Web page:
3 species of endangered bats halt Ancaster industrial park expansion
They hang upside down and flutter around in the dark. They eat moths, wasps, mosquitos and other insects. But for the city, three species of bats are in the way of completing a long-awaited industrial park project.
The species at risk are the latest wrinkle in the city's 12-year-old goal to extend a road out of the Ancaster Industrial Park. The little brown myotis, northern myotis and tri-coloured bat are all on Canada's species at risk list.
The provincial Ministry of Natural Resources (MNR) says the area includes "suitable habitat" for all three species. Now the developer, Ted Valeri, is surveying to determine if the bats are there. If they are, Valeri has to resubmit a form to the province again.
That's holding up the project by months, said Guy Paparella, the city's director of growth planning. It's a headache for the city, which wants its road built.
When Valeri builds his 20-hectare extension to the park, Paparella said, he'll build part of the road extension and deed it to the city. But Valeri's work is stalled because some of that 20 hectares includes woodlot and wetland.
"We're trying to help him along," Paparella said. "We want to get the road built."
It's been a difficult project, he said. "Usually it's one thing. It's not five things. That's not the normal course."
The road issue dates back to 2005. That's when the city first looked into extending Neil Everson Way — formerly Cormorant Drive — from the Ancaster Industrial Park out to Trinity Road.
Hurdles have included a lengthy Ministry of Natural Resources (MNR) review after a neighbouring land owner asked for a phase two environmental assessment, known as a "bump up." MNR rejected that.
The province also found the area to be the potential home of the eastern meadowlark and bobolink bird species. The city is looking at options to replace the lost habitat.
The road is key to how the industrial park functions. Right now, there's only one access road. Neil Everson Way stops dead, so vehicles have no choice but to reach the end and turn around. That causes a traffic bottleneck, Paparella said, and it's a problem for emergency vehicles too.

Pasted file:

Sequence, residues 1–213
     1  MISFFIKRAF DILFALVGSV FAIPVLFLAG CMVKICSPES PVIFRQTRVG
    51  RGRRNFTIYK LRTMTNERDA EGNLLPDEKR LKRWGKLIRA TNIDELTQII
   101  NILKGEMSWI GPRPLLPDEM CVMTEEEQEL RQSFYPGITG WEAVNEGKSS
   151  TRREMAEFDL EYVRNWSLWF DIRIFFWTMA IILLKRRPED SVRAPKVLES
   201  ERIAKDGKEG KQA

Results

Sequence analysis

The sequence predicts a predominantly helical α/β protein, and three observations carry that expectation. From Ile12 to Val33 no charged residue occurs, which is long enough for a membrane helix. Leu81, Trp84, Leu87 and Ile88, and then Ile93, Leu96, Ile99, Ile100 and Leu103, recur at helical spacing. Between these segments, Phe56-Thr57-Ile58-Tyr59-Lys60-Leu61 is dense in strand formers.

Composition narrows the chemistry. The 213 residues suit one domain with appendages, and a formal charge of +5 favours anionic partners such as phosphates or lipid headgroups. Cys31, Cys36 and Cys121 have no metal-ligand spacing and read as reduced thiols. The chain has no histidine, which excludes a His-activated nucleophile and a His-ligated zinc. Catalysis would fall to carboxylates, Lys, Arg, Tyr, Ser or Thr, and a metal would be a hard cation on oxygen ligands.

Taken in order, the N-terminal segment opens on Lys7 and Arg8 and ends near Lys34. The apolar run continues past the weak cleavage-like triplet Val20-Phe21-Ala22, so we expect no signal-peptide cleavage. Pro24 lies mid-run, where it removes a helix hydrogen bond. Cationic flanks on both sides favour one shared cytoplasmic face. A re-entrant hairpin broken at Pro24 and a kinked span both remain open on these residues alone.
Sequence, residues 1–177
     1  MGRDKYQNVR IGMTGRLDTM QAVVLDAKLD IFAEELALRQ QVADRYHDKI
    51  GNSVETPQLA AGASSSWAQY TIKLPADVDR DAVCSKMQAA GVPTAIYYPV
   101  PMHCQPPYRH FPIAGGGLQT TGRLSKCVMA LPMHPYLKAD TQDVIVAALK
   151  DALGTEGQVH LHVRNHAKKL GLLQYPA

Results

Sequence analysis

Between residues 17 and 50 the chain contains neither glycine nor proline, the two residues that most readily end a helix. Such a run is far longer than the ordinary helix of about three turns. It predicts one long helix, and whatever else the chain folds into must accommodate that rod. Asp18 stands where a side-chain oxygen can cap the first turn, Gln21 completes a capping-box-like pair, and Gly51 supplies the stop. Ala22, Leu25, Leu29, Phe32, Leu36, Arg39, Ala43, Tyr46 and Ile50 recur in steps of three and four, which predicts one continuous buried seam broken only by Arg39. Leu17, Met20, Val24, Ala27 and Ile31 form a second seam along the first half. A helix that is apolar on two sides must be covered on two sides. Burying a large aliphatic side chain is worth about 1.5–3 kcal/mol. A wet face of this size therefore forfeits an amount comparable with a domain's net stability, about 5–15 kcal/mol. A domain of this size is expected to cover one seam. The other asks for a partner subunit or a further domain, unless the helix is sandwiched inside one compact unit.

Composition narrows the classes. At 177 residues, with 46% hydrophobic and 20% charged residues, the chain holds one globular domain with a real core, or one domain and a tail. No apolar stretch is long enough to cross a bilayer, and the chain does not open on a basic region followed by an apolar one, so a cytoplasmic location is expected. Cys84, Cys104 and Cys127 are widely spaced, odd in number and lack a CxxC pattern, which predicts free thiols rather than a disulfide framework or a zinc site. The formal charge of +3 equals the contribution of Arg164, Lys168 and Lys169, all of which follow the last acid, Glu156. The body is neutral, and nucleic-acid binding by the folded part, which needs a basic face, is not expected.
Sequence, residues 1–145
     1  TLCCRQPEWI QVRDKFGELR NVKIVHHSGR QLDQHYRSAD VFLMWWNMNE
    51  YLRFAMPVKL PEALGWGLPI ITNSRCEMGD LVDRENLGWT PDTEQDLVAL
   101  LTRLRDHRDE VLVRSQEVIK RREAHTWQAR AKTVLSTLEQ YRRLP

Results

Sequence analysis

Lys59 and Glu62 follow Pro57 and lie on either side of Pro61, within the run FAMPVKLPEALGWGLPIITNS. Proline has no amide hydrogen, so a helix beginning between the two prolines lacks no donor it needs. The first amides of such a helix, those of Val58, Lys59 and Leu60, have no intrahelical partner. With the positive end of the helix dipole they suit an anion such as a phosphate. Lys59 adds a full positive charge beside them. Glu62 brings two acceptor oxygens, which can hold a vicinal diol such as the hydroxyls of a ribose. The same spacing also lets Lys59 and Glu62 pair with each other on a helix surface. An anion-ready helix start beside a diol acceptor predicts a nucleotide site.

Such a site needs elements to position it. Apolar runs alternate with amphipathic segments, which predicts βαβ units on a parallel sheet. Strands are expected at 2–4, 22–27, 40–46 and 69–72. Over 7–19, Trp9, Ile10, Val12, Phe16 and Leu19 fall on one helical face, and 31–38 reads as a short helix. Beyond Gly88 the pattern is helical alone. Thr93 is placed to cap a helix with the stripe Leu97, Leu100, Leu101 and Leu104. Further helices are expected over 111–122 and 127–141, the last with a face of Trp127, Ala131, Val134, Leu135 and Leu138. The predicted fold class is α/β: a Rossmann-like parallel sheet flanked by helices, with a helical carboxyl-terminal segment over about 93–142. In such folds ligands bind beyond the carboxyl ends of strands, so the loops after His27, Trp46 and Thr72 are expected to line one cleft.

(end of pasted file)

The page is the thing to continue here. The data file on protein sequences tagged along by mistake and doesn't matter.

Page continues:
The remaining plan to build out to Trinity Road — a distance of about 700 metres — has two phases. The most immediate involves Valeri building the road as part of his industrial park project, then deeding the road to the city. Then the city will build the rest of the way.
As for the bats, the three species are classified as endangered in Canada. All three are small (about 7.4 grams on average) and eat insects.
The little brown myotis likes day roosting in buildings and visible areas, such as around lakes and streetlights. The northern myotis is common in forests, while the tri-coloured bat is found in a variety of habitats.
The Committee on the Status of Endangered Wildlife in Canada (COSEWIC) says over the last six years, as many as 6.7 million bats of several species — but mainly little brown myotis — have died in the northeastern U.S. and eastern Canada. This is in part, COSEWIC says, because of white nose syndrome, a fungal infection that likely originated in Europe.
Bats in general are in trouble, said Merlin Tuttle, renowned bat expert and founder of Merlin Tuttle's Bat Conservation in Texas. "There's no question that many species are in alarming decline." And protecting their habitat is important.
Examining this property on Google Earth, Tuttle isn't sure it's prime land for bats. It would be more important, he said, if it was contiguous to a larger forested property.
"Instead of spending money counting bats in a marginal location," he said, "I would prefer to see the same funds devoted to habitat enhancement or expansion at a more suitable one."